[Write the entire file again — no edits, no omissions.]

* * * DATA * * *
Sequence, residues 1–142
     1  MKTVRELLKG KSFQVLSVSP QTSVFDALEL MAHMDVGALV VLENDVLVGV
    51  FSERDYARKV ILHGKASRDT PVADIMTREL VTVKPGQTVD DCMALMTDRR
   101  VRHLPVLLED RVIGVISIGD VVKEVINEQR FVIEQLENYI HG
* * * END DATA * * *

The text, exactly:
Sequence, residues 1–142
     1  MKTVRELLKG KSFQVLSVSP QTSVFDALEL MAHMDVGALV VLENDVLVGV
    51  FSERDYARKV ILHGKASRDT PVADIMTREL VTVKPGQTVD DCMALMTDRR
   101  VRHLPVLLED RVIGVISIGD VVKEVINEQR FVIEQLENYI HG